Farmer's Market

Surfin' USSR

by Stuart Henderson

30 April 2008

 

The most interesting musical shift in contemporary jazz has been toward the embrace of the eastern European folk idiom. Much of this is, of course, due to the powerful influence New York-based multi-instrumentalist and prolific composer John Zorn has held over his colleagues. His work, especially with Masada, has emphasized a melding of musics from many traditions, exploring the limits of “jazz” while simultaneously reinvigorating the instrumental folk scene. Zorn’s wide influence can surely be felt here, on Norwegian combo Farmer’s Market’s energetic “Surfin’ USSR”. A conflation of Bavaria, Israel, Bulgaria, and downtown New York, Farmer’s Market offers a daring mosaic of sound, color, texture, and tradition. It’s exciting, dense, and full of humor—but there is an emptiness here, too. While Zorn’s Masada has continued to explore the possibilities created through a jarring collision of genres, Farmer’s Market appears here, on their fourth record in almost fifteen years, to be pitching shtick. Freely borrowing from James Bond themes, Deltones-esque surf, and some fairly well-trod gypsy-jazz territory, the outfit seems content to make us smile at the oddness of their creation, instead of awing us with their inventiveness. And, didn’t Paul McCartney already make this joke about surf music and the Soviet empire? Anyway, if live samples available on YouTube are any indication, this is one hot live act—give the record a miss, but catch them if they ever make it to your town.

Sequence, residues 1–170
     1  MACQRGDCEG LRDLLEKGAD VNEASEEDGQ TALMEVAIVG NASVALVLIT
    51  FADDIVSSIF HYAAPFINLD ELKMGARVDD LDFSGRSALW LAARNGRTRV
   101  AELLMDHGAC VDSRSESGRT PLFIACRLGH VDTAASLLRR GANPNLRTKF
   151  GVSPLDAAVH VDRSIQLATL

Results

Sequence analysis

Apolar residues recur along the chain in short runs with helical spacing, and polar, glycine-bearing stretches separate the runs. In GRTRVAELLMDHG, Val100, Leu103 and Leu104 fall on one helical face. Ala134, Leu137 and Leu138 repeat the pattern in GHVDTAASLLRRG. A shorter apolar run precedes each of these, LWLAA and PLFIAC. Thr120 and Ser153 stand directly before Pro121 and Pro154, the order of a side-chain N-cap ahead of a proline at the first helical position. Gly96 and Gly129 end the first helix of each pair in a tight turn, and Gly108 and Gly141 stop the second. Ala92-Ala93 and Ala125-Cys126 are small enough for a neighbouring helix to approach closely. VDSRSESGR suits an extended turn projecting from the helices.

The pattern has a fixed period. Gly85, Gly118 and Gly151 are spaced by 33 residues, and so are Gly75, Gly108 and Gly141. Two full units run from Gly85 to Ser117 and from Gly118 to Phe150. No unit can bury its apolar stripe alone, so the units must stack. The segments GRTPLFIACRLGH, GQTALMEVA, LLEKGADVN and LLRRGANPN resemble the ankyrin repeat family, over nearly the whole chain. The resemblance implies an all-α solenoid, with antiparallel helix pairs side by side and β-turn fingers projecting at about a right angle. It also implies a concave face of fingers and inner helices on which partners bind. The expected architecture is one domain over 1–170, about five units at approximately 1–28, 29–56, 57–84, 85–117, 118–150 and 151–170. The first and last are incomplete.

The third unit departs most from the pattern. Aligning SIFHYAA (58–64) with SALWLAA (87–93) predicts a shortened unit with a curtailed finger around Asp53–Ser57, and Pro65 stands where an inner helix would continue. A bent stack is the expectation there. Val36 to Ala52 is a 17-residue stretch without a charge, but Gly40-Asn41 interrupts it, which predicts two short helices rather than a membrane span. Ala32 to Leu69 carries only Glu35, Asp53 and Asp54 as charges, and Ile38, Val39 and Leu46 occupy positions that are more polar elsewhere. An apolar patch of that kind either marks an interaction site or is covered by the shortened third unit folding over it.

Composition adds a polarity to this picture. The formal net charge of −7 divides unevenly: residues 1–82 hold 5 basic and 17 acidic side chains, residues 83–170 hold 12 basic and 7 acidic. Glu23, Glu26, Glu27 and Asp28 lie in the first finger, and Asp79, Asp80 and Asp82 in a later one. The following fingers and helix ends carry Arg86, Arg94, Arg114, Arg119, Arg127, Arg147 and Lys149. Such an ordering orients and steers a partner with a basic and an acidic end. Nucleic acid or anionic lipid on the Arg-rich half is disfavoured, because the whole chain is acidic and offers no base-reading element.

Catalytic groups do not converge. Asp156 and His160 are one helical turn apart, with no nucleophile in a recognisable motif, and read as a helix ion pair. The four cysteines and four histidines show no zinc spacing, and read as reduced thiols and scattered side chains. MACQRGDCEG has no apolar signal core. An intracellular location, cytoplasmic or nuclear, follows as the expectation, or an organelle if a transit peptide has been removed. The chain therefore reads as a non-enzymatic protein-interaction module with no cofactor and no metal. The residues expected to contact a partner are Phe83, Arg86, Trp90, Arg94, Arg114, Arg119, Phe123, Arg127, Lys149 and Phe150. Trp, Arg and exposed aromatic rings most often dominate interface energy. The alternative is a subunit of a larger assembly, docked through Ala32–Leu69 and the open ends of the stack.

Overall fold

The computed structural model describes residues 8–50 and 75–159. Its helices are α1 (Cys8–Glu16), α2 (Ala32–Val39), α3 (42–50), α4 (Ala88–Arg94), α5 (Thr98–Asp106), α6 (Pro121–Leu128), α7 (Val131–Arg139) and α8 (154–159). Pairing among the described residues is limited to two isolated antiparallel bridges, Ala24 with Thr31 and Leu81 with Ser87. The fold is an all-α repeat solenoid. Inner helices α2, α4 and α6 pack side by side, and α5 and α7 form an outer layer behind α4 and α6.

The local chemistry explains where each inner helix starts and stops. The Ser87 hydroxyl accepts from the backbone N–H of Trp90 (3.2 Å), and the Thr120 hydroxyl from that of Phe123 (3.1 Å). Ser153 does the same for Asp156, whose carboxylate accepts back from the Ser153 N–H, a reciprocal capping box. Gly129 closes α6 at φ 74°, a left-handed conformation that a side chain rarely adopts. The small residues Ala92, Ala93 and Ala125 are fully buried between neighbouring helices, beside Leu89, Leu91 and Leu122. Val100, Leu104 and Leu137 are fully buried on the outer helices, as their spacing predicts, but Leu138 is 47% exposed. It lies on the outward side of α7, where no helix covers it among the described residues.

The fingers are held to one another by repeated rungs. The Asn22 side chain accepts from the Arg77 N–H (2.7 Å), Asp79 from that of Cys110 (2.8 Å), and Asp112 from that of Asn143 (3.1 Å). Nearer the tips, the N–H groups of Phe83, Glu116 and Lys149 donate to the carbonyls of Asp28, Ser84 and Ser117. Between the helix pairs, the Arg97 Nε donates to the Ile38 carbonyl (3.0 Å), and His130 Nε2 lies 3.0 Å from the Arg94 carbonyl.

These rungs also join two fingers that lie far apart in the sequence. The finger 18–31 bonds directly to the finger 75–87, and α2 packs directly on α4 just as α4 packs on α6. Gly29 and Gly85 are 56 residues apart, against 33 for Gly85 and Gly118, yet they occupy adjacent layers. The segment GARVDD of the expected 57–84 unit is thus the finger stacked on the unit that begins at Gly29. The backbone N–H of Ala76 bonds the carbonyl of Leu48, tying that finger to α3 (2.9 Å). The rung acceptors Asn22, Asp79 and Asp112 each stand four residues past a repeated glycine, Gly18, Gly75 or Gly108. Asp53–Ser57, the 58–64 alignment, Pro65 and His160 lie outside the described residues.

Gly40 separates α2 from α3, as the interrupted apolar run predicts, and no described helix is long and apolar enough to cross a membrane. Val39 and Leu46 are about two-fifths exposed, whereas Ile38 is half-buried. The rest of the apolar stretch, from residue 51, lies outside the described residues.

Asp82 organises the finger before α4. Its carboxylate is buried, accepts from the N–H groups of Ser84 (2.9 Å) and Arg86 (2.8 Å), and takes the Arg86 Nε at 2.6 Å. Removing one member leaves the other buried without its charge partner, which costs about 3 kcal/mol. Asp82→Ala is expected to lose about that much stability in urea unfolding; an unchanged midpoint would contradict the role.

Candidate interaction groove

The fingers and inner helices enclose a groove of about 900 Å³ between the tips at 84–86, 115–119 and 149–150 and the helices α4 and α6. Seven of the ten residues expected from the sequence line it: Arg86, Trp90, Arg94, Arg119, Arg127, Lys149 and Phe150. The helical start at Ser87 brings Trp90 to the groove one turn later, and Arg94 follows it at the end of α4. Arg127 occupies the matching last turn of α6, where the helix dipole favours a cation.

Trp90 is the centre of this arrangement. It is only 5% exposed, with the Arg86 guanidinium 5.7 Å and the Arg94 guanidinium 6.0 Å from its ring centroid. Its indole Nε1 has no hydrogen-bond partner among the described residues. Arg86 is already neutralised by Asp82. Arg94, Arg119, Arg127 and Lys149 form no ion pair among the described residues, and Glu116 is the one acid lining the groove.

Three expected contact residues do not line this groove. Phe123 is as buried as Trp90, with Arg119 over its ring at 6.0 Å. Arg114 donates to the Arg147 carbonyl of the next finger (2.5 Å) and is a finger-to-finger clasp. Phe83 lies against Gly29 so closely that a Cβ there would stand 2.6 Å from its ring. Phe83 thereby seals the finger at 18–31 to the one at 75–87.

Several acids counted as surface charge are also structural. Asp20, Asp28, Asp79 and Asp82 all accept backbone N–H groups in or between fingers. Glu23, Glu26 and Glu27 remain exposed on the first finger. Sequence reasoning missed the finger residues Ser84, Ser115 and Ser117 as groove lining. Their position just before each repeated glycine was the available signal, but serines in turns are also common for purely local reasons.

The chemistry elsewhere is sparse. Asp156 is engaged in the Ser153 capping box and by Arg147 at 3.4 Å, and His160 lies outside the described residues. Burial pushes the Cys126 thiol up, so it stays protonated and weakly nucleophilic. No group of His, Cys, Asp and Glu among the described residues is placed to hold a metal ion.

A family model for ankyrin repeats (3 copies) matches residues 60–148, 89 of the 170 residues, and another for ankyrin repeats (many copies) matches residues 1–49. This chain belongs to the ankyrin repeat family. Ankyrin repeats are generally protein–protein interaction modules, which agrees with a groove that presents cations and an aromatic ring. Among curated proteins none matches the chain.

Surfin’ USSR

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